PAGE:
NVC is a communication modality which synthesizes many different components of empathy and compassion building. This particular form of the practice was developed and structured by Marshall B. Rosenberg in the late ‘60s/early ‘70s. The following concepts contain the keys to a healthy NVC practice:
Universal Human Needs (a.k.a. basic human rights): We all share a universal set of basic human needs/rights which include everything from material substances (food, water, shelter) to nonphysical needs such as the right to play and the right to dignity. Although we may prioritize these needs differently at different points in our lives, these life-affirming needs form a foundation with which we can all resonate.
Feelings: Feelings emerge based on whether or not these needs are met. An unpleasant feeling, such as sadness or irritation, can indicate a need that has gone unmet whereas a need that is met may bring us a sense of joy or satisfaction.
Strategies: We engage in a variety of strategies to get our needs met. When our strategies do not align, conflict emerges. Conflict will never occur at the needs level, only in the ways we choose to get our needs met.
With these concepts and a few other tools, NVC offers insightful ways to reframe and review our language and relationship to each other during times of conflict.
Trauma impacts our ability to recognize the needs we have in our own bodies and thus our ability to speak those needs into the world. When we are unable to voice our needs, we risk remaining silent for far too long causing a potential build up and explosion of pain and frustration. Alternatively, we may have difficulty attending to the needs of others, because we are fearful that our own needs will not be met. Our intimate partners, friends, and colleagues can find it difficult to meet us in healthy interdependence when these trauma histories interfere with our communication. Developing an awareness of these intersections supports the development of kind and mutually-supportive communication.
At its simplest, transformative justice recognizes that punitive/retributive justice systems rarely leads to the quality of healing that communities are so desperate for after harm has occurred. More often than not, these systems tend to re-traumatize those impacted by harm, leaving the community more fractured and divided by grief and loss. Transformative justice takes into account the fact that those who cause harm have often been deeply impacted and shaped by systems of oppression such as ableism, capitalism, racism, and misogyny. This approach does not excuse or rationalize harm; rather this lens asks us to shift from shame-and-blame language and into deeply honest and vulnerable accountability processes. Can we recognize harm when it occurs without dehumanizing the one who has caused it?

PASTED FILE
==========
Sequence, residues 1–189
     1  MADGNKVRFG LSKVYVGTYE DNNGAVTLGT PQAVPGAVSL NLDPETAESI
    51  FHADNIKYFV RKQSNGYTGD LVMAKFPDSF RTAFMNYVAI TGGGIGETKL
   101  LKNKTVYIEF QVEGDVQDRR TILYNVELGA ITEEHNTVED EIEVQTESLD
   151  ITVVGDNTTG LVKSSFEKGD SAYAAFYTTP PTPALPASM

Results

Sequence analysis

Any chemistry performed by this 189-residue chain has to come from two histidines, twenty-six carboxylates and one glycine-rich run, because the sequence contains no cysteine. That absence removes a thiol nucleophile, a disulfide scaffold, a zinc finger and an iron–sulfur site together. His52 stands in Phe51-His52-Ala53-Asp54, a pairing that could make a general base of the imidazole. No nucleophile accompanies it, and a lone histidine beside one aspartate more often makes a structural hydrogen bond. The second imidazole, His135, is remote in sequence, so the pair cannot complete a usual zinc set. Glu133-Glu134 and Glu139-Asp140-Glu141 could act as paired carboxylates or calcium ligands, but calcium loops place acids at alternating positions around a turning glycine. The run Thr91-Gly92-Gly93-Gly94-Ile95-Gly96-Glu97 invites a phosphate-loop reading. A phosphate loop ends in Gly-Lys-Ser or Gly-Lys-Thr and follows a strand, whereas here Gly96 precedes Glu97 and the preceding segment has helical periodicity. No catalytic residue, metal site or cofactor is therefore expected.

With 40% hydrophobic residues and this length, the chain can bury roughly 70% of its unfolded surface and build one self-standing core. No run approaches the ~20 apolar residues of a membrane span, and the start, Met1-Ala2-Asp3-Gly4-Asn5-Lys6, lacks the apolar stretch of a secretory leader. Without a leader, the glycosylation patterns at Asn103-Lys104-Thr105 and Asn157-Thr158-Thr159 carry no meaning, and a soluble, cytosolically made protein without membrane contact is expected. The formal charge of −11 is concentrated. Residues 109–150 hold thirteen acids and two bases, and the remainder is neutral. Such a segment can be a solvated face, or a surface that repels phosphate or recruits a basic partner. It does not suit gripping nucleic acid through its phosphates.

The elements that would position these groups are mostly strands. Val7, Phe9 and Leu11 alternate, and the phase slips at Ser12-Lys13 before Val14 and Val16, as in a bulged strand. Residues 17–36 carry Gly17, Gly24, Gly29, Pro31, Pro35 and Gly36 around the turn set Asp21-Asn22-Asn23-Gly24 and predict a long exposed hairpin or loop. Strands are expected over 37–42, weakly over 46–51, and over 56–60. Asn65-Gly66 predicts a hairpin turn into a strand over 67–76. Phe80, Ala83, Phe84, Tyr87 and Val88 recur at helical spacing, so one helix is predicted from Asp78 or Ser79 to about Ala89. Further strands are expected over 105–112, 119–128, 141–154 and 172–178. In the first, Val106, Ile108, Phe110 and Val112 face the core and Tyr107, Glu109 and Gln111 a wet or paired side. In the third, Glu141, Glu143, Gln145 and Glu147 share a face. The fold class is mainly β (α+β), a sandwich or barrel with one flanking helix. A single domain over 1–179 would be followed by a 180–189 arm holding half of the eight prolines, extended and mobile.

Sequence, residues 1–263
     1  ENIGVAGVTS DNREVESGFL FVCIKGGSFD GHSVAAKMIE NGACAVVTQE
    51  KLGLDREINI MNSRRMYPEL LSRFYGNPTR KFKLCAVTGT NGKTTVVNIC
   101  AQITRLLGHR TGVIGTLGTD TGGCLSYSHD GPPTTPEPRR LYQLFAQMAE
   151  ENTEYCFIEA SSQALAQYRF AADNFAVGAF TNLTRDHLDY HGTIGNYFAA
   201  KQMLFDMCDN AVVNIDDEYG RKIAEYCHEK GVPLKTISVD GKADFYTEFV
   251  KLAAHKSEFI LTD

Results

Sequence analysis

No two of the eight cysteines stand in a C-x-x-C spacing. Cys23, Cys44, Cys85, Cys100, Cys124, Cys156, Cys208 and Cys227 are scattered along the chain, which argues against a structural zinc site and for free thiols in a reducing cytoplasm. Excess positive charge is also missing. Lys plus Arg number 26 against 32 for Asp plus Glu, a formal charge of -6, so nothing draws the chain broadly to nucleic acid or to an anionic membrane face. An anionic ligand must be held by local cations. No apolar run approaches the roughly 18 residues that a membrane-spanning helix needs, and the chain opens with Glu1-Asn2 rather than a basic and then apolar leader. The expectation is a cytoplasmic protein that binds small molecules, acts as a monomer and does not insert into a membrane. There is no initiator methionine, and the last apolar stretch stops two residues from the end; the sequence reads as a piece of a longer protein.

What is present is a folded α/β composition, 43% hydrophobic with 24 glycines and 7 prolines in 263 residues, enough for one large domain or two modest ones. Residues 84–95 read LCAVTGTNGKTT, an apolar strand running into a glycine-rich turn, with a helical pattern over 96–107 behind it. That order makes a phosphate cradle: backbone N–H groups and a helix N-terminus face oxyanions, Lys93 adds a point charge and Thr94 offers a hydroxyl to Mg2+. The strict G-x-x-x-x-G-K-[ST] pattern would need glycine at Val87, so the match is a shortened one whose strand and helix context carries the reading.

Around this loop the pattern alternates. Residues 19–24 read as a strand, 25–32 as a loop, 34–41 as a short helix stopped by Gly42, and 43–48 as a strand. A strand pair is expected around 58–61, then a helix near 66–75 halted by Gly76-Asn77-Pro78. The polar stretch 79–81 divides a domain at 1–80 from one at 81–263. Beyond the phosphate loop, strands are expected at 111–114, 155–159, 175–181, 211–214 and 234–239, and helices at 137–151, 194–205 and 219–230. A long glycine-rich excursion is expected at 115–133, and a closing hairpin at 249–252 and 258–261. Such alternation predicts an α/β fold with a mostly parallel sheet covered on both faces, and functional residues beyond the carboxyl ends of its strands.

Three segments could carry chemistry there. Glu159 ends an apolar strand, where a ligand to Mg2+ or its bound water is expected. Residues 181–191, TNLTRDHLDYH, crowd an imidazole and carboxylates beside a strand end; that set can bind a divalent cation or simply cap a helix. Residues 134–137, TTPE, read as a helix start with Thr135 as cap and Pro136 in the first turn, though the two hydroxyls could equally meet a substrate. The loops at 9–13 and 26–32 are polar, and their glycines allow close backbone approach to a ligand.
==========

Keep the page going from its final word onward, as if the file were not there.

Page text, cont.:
Colonialism took us away from indigenous knowledge, away from shared resources, and away from belonging to each other. A decolonial lens seeks to explore and deconstruct the ways we have internalized messages of scarcity and “other” such that we can re-engage with wildly open-hearted care for one another along with healthy and appropriate boundaries.
Family Constellation Therapy is a collective and somatic modality that explores how the trauma of our ancestors influences the way we live our lives today. What are you carrying that is not yours? What would happen if you received permission and encouragement to set it down?
This work brings us deep into the exploration of capacity and the practice of collective witness. Do we have capacity to recognize the expansive context in which pain has become a way of being? With this awareness, is there then capacity to break old contracts and to move into the resonance of our own life path with a joy and softness that can set us free?